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Egalitarianism with a dash of fair efficiency

Abstract

We study the construction of Paretian egalitarian social ordering functions in a distribution model with multiple goods and heterogeneous preferences. Given the impossibility to combine equality of resources with efficiency (Fleurbaey and Trannoy, Soc Choice Welf 21:243–263, 2003), we define weaker axioms of equality and efficiency relying on the mean bundle in the allocation. We identify a leximin social ordering function that satisfy these weaker axioms by relying on welfare measures representing the fraction of the mean bundle that would leave an agent indifferent with her bundle.

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Notes

  1. 1.

    For a similar approach applied to a model with one public and one private good, see Fleurbaey and Van der Linden (2017).

  2. 2.

    In Schokkaert and Konow’s experiments, respondents are given no information on whether agents have other-regarding preferences.

  3. 3.

    Such comparisons to the mean bundle can be made sense of in a purely ordinal fashion. Let \(\bar{z}\) and \(\bar{z}'\) be the mean bundles before and after the fair efficiency improvement, respectively. Bundles \(z_i\) and \(z_i'\) are agent i’s bundles in the corresponding allocations. Let B be the set of bundles i prefers to \(z_i\) but likes less than \(\bar{z}\), and \(B'\) the set of bundles i prefers to \(z'_i\) but likes less than \(\bar{z}'\). We then have \(B' \subset B\), indicating that there was more room for improving the welfare of i with respect to the mean bundle before than after the fair efficiency improvement.

  4. 4.

    This is a corollary of Proposition 2 below, under the constant weighting function \(1(z,R_N) := 1\) for all \(z\in Z\) and all \(R_N \in \mathcal {R}\).

  5. 5.

    The weighted mean welfare \(v_i^w\) is not a representation of agent i’s preferences. Function \(v_i^w\) is only a tool in the construction of \(\varvec{R}^{w{\text {lex}}}\) and cannot be given an obvious interpretation.

  6. 6.

    The proof that \(\varvec{R}^{\bar{z}{\text {lex}}}\) satisfies Mean Dominance-Reducing Priority follows the same logic as the proof that \(\varvec{R}^{w{\text {lex}}}\) satisfies Mean Dominance-Reducing Transfer.

  7. 7.

    As we show in Lemma 1 in the Appendix, \(z_j \gg z_j' \gg \bar{z}' \gg z_k' \gg z_k\) implies \(z_j \gg \bar{z} \gg z_k\), so there is no need to add the latter requirement to the conditions for \(z_N'~\varvec{R}(R)~z_N\) in Mean Dominance-Reducing Priority.

  8. 8.

    The same is true of the SOFs introduced by Sprumont (2012).

  9. 9.

    Although the priority axioms defined in Fleurbaey and Maniquet (2011, Chapter 3) are independent from Mean Dominance-Reducing Priority, it can be shown that \(\varvec{R}^{w{\text {lex}}}\)’s violations of Mean Dominance-Reducing Priority when w is strictly decreasing also imply violations of these other priority axioms.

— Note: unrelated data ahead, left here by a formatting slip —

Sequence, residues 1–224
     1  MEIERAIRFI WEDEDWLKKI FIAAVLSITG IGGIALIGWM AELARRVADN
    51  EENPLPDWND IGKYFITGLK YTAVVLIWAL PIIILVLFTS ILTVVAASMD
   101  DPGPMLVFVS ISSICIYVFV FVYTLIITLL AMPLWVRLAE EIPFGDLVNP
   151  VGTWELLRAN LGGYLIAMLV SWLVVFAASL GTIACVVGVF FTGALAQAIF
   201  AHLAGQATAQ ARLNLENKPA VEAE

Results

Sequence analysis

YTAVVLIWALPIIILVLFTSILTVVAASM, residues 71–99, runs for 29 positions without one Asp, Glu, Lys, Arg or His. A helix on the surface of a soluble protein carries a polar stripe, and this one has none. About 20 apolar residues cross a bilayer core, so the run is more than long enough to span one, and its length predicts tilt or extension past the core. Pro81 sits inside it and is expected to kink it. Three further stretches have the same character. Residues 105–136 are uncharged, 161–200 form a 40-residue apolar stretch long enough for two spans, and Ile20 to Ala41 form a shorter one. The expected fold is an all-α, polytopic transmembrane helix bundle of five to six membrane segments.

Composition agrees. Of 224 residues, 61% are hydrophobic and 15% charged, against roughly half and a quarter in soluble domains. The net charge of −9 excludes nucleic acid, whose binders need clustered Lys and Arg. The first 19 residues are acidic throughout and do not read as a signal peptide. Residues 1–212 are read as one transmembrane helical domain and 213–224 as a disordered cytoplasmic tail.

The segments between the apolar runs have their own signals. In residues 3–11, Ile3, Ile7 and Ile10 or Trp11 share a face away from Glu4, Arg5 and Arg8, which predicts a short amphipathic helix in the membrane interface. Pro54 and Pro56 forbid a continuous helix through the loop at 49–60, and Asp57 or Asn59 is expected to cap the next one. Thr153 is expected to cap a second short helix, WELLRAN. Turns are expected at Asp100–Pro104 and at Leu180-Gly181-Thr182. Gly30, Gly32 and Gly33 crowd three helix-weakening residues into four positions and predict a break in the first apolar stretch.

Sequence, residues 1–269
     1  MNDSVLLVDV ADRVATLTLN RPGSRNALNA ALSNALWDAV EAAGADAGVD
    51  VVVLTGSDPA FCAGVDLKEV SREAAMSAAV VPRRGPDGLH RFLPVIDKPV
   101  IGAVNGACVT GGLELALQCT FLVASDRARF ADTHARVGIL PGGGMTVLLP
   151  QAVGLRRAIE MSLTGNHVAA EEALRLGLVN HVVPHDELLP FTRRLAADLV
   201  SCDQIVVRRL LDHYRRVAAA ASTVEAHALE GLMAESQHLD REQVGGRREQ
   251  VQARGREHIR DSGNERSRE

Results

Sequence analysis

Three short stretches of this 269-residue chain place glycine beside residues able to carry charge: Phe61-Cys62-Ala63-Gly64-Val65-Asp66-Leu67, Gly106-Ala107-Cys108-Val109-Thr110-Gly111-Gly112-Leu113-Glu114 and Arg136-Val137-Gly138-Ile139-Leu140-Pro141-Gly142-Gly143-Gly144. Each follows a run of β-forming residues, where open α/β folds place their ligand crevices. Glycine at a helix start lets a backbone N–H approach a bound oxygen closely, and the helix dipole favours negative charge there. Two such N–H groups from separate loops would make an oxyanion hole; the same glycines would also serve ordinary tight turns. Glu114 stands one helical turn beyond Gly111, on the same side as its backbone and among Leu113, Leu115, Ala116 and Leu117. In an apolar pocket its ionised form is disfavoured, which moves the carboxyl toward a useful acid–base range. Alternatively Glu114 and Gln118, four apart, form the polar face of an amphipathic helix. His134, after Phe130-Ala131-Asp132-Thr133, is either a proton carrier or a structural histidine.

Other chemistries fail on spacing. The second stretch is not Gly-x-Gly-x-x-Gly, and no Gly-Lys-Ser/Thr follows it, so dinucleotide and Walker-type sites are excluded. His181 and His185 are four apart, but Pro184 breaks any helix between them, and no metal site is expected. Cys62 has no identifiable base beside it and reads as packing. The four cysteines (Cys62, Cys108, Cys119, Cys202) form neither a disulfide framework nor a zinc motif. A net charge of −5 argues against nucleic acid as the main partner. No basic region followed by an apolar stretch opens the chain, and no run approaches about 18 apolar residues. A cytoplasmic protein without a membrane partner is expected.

10. 10.

    Weighted mean leximins also satisfy Strong Fair Efficiency, a stronger version of Fair Efficiency that parallels Strong Pareto. Under Strong Fair Efficiency, \([\bar{z}' \le \bar{z}, \text {and} z_i'~R_i~z_i \text { for all } i\in N]\) \(\Rightarrow \) \([ z_N'~\varvec{R}(R)~z_N]\), and if in addition, \(z_j~P_j~z_j\) for some \(j\in N\), then \(z_N'~\varvec{P}(R)~z_N\). Because weighted mean leximins also satisfy Egalitarian Consensus, adding the latter axiom to Mean Dominance-Reducing Transfer, Fair Efficiency, and Unchanged-Contour Independence does not either force SOFs to satisfy Mean Dominance-Reducing Priority.

  11. 11.

    Weak Separability is weaker than the axiom Fleurbaey and Maniquet (2011) call Separability which requires that \([ z_N~R(R)~z_N' ]\) \( \Leftrightarrow \) \([ (z_{N\backslash \{i\}}, z_i'')~\varvec{R} (R_i',R_{N\backslash \{i\}}) ~(z'_{N\backslash \{i\}}, z_i''), ]\), even when \(R_i' \ne R_i\).

  12. 12.

    The two SOFs from Fleurbaey and Maniquet (2006) and Sprumont (2012) as well as the axioms used in the table that are not defined in the text are presented in Appendix.

  13. 13.

    As Fleurbaey and Van der Linden (2017) show, a similar situation occurs under the “reference preference” approach developed by Sprumont (2012). In this approach, for every preference profile \(R_N\), the SOF applies the leximin criterion based on some reference preference \(R^{R_N}\) (see the Appendix). It can then be the case that an agent is better-off when the reference preference disagree with her preference.